This 20 year milestone was the prediction made by the task force then-Mayor Ed Rendell put together in 1992 to forge a plan for the future of the 1,200 acres on the Delaware and Schuylkill rivers at the southern end of Broad Street. The district is not even halfway to reaching its goal of 25,000 to 30,000 people working in The Navy Yard before the year 2030. Deputy Mayor for Economic Development Alan Greenberger, said it's likely that in 10 years the Navy Yard will be the city's third-largest job hub, behind Center City and university City.
In October, the Navy Yard is expected to release a new planning document. The update tmo the current 2004 master plan done by Robert A.M. Stern Architects will reflect changes in the physical reality of the land available, since a portion of land has gone to port expansion. It will also update goals related to housing, transit, employment and amenities, such as restaurants, retail and additional green space and trail connections.
Urban Outfitters expansion
The focus will still remain on job creation with emphasis in the worlds of high-tech manufacturing, natural gas and alternative energy, and energy efficient construction. The new plan will look at ways to better connect the Navy Yard with the city and region. An environmental impact statement is being worked on concerning extending the subway to the Navy Yard. Residential development has also been a topic of discussion. Companies feel housing will look more attractive to their employees, SEPTA feels an extension of the Broad Street Line is only feasible if people live there, and small businesses need more than just 9-5 customers to survive. Housing would create a true community that is open for business all day long, seven days a week.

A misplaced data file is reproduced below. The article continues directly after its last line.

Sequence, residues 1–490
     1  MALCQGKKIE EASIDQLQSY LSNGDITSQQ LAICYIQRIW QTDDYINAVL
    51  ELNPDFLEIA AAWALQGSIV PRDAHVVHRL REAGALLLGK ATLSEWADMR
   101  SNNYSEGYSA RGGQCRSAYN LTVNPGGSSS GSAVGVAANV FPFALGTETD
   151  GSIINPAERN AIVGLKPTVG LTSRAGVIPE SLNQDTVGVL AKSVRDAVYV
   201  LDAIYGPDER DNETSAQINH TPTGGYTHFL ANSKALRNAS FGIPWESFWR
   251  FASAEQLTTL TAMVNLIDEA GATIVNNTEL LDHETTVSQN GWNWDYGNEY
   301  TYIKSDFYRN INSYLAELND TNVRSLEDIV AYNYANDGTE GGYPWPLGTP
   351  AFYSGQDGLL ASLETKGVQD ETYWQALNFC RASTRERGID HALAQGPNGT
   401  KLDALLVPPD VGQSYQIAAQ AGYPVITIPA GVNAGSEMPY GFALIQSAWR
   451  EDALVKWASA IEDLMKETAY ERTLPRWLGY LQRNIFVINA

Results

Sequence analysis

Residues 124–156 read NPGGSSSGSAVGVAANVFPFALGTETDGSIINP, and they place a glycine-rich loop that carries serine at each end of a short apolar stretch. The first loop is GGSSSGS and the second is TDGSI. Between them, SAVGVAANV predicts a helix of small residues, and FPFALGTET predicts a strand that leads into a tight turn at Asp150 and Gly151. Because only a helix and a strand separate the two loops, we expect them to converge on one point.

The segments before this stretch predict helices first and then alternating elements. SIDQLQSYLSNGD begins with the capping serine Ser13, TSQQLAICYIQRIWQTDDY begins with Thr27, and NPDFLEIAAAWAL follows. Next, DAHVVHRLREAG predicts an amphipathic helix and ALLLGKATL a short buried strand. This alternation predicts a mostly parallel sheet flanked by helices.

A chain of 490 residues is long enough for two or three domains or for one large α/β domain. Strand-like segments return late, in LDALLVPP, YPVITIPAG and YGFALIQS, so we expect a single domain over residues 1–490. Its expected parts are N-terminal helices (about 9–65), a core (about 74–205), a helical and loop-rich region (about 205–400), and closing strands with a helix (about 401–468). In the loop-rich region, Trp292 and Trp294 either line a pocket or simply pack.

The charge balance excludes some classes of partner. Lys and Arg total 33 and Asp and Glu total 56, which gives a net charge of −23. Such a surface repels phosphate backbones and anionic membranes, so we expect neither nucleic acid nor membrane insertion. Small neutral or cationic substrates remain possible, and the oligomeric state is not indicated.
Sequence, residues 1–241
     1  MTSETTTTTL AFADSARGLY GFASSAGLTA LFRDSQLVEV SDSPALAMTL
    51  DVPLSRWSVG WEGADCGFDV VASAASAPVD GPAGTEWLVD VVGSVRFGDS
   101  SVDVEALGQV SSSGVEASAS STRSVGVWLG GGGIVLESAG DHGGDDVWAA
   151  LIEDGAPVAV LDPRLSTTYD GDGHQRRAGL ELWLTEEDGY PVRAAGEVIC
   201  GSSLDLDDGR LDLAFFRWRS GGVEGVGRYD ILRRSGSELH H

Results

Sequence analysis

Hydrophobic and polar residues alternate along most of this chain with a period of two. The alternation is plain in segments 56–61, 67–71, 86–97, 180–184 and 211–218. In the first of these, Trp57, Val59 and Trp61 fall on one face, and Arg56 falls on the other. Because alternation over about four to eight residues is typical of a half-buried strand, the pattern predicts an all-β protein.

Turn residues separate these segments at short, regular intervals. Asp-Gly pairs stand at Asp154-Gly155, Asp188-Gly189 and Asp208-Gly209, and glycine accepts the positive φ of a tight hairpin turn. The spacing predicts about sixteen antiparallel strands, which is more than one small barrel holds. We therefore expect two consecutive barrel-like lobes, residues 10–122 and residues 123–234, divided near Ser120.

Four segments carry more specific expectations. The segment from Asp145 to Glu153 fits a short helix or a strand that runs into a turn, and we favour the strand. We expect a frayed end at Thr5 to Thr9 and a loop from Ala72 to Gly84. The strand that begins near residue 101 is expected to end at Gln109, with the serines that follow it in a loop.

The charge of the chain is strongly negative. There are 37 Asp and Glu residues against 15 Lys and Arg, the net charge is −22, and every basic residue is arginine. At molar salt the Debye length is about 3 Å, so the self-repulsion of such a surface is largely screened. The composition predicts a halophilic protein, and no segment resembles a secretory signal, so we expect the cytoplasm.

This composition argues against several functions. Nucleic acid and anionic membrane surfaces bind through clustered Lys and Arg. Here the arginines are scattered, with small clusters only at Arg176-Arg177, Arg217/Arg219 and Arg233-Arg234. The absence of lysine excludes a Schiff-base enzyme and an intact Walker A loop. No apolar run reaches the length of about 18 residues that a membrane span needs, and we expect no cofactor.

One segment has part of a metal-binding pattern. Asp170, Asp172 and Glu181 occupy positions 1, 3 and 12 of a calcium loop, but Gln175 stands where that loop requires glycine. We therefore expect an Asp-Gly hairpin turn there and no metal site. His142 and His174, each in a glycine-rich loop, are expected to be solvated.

The concept of the parklet is not very popular in Philadelphia, especially not in lower income neighborhoods outside of Center City like Logan. A parklet is a small park created in former parallel parking spaces. This week the Logan CDC and the Mayor's Office of Transportation and Utilities (MOTU) proved that parklets can work in such neighborhoods.
Parked outside of the Logan Branch of the Free Library of Philadelphia sits a parklet designed by three PhilaNOMA architects. The space is designed with "work, play, lounge" elements, including a stage with chalkboard floor and both casual and formal seating areas. Designers hope to provide flexible outdoor space that can accommodate multiple uses by various people.
The project is part of MOTU's parklet pilot program inspired by the successful parklets that MOTU and University City District, with funding from the William Penn Foundation, collaborated on in West Philadelphia last summer.
Green Line Cafe
The University city parklets are in front of neighborhood businesses like the Green Line Coffee Shop, where the parklet has increased revenue by nearly 20 percent.
Green Line Cafe
The Logan project proves that these small projects can be placed in any neighborhood because Philadelphians from every neighborhood desire quality public spaces. Logan CDC plans to incorporate the parklet into some of the library's programming and to host neighborhood events such as movie screenings, like last weeks showing of Hugo, which drew more than 40 people to the space. As part of the pilot program, the parklet is designed to be seasonal, and will be stored indoors from late fall until early spring.
30th Street Porch
Future parklets will be popping up on Frankford Ave in front of Little Baby's Ice Cream, on Main Street in Manayunk, on South Street and, next year, in Chinatown.